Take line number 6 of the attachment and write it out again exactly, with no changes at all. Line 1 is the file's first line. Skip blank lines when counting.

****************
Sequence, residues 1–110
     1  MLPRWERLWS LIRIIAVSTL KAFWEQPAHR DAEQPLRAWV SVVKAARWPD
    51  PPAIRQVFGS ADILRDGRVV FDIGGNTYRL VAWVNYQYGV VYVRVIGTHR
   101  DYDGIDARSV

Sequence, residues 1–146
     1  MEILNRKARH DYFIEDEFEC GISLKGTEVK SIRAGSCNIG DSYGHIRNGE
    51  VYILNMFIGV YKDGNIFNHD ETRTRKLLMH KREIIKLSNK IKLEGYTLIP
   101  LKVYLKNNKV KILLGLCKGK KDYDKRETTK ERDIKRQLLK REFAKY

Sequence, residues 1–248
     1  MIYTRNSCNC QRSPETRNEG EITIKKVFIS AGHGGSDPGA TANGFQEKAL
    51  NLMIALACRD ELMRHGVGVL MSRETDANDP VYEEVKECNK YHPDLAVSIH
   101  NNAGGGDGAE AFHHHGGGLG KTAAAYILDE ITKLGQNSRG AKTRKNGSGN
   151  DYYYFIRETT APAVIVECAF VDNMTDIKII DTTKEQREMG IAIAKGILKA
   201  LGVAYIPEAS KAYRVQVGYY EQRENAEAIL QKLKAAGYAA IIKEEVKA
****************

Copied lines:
     1  MEILNRKARH DYFIEDEFEC GISLKGTEVK SIRAGSCNIG DSYGHIRNGE